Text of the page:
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Impact of wound edge protection devices on surgical site infection after laparotomy: multicentre randomised controlled trial (ROSSINI Trial)

BMJ 2013; 347 doi: https://doi.org/10.1136/bmj.f4305 (Published 31 July 2013) Cite this as: BMJ 2013;347:f4305

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Re: Impact of wound edge protection devices on surgical site infection after laparotomy: multicentre randomised controlled trial (ROSSINI Trial)

The authors have done well to overcome the difficulties inherent in conducting a multi-centre randomised surgical trial albeit they do not state how patients were identified and recruited merely “enrolled”. The implication is that all eligible patients were enrolled.

The overall wound infection rate of 25.0% is “comparable” to three contemporary reports of colorectal surgery but does not critically discuss why the rate is higher than many studies conducted over a comparable range of operative contamination and with the necessary post-discharge surveillance. An SSI rate of 28.3% in “clean” and 23.3% in “clean-contaminated “ wounds should be ringing alarm bells. To claim that high rates are simply due to more rigorous assessment is not convincing.

Preventing infection in a laparotomy wound is not a uni-dimensional activity and low infection rates result from the application of a consistent policy or, in contemporary parlance, “bundle” of elements which results from identifying best practice in the context of observational rather than randomised studies, which demonstrate high quality outcomes i.e. low SSI rates. Analysing individual elements in a bundle is predictably unlikely to show a difference as occurred in this trial.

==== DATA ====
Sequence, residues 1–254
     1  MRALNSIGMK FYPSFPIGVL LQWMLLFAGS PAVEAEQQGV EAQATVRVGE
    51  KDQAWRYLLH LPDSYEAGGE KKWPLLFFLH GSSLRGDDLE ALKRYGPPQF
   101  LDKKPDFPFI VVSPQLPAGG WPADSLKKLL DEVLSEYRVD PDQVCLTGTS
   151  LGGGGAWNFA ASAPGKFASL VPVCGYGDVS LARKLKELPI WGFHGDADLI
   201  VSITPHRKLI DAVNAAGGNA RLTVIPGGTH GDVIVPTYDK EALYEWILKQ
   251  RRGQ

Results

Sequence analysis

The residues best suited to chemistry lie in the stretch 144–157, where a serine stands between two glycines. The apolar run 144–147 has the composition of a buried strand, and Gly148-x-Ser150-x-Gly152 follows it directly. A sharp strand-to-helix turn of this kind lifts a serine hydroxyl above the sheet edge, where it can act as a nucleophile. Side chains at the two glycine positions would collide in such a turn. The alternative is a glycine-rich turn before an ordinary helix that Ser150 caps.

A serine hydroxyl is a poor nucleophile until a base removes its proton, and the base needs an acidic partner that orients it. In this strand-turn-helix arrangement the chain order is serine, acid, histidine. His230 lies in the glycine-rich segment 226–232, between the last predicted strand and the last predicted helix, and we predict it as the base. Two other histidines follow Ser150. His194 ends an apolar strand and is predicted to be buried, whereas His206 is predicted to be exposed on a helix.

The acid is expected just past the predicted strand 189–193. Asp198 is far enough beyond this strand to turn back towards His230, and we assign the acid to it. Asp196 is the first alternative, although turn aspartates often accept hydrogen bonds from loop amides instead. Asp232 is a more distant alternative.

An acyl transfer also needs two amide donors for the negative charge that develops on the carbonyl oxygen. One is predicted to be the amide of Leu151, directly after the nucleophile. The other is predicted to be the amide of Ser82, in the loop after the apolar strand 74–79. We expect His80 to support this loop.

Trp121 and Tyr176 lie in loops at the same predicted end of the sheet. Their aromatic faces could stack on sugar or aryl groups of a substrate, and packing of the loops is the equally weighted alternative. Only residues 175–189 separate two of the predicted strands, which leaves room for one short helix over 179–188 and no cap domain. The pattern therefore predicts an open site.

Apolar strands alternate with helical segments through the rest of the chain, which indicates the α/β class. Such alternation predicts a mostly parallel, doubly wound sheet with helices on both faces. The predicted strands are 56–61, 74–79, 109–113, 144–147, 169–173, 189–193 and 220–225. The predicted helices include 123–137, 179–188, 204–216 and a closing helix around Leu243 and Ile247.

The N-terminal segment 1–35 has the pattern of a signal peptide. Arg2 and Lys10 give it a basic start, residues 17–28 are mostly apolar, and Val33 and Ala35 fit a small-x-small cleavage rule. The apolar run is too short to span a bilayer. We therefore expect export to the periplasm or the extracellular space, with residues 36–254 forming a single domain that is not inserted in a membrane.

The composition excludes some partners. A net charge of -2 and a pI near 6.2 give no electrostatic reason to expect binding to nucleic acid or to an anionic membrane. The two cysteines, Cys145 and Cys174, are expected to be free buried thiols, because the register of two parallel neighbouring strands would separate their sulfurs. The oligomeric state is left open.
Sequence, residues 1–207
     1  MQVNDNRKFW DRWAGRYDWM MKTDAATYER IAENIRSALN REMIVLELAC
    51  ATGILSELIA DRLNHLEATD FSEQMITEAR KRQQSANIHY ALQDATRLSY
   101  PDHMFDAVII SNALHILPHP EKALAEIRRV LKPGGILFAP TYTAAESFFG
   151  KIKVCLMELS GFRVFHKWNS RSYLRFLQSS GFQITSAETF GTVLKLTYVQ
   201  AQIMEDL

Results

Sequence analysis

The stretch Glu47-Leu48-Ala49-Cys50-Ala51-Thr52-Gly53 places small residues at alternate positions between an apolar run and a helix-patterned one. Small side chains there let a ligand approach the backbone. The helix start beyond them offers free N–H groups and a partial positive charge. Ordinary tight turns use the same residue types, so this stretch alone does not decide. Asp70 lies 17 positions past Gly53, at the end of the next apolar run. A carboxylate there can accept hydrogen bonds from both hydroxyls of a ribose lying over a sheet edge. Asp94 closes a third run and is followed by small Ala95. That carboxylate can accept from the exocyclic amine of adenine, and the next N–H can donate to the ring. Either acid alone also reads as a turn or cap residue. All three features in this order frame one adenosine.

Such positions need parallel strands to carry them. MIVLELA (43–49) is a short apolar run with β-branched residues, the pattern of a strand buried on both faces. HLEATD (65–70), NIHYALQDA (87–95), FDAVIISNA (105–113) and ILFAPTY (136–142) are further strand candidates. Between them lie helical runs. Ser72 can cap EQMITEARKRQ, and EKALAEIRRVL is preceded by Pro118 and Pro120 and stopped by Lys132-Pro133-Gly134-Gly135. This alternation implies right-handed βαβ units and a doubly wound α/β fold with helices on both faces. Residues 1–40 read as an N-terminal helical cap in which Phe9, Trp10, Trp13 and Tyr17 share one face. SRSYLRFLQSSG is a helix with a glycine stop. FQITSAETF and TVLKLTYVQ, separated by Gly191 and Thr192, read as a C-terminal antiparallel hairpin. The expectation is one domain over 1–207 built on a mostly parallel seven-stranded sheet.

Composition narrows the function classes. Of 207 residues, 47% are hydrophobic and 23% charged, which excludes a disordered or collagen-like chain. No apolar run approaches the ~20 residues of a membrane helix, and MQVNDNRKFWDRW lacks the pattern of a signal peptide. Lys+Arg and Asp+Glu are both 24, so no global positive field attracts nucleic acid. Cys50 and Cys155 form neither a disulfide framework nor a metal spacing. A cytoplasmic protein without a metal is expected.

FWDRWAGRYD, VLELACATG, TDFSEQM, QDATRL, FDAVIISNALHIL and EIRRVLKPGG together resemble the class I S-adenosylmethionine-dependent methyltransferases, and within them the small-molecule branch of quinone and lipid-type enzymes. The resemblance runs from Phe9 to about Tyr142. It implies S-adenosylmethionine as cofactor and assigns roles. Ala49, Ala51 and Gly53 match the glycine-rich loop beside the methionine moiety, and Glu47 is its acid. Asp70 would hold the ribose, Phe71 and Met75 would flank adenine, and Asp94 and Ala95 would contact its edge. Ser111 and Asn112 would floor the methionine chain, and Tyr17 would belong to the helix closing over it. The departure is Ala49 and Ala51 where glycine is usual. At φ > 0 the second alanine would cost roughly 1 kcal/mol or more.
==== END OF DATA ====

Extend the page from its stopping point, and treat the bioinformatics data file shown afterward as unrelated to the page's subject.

We have reported low wound infections rates after laparotomy in both a randomised controlled trial setting (40/757: 5.3%) and longitudinal ten year observational study (116/3100: 3.7%) with post-discharge review in 97.5% of patients. The operative bundle comprised:
1 Immediate pre-incision depilation
2 Single dose peroperative prophylactic antibiotic or three day therapeutic course
3 Chlorhexidine in alcohol skin preparation
4 Wound towels sutured to peritoneum
5 Plastic ring drape before opening hollow viscus
6 Red danger towel technique
7 Peritoneal lavage with tetracycline solution on completion of resection/anastomosis
8 Change of gloves and instruments before abdominal facial closure
9 Further tetracycline lavage of subcutaneous space prior to skin closure

The passage of time has enforced some changes, non-availability of parenteral tetracycline, replaced with cefotaxime, Turkish wound towels replaced with disposable fabric and the red linen “danger” towel with a disposable drape. In our practice this bundle has been consistently applied, every laparotomy wound reviewed after discharge and the information recorded prospectively in a database. In the last 647 emergency and elective colorectal operations with an abdominal incision there have been 27 (4.2%) confirmed or possible wound infections.

The ritual of a red danger towel and change of contaminated instruments, gloves and drapes , espoused by Lord Moynihan may not be standard practice in the UK but perhaps as this paper demonstrates it is time more attention was paid to the technical conduct of a laparotomy2.

References
Krukowski ZH, Cusick EL, Engeset J, Matheson NA Polydioxanone or polypropylene for closure of midline abdominal incisions: a prospective comparative clinical trial Brit J Surg 1987; 74 828-30
Krukowski ZH, Matheson NA. Ten year computerised audit of infection after abdominal surgery. Brit J Surg 1988;75: 857-61
Moynihan BGA. The ritual of a surgical operation. Brit J Surg 1920;8:27-35

Competing interests: No competing interests

08 August 2013
Zygmunt H Krukowski
Professor of Clinical Surgery
Aberdeen Royal Infirmary
Ward 501, Aberdeen Royal Infirmary, Foresterhill, Aberdeen AB25 2ZN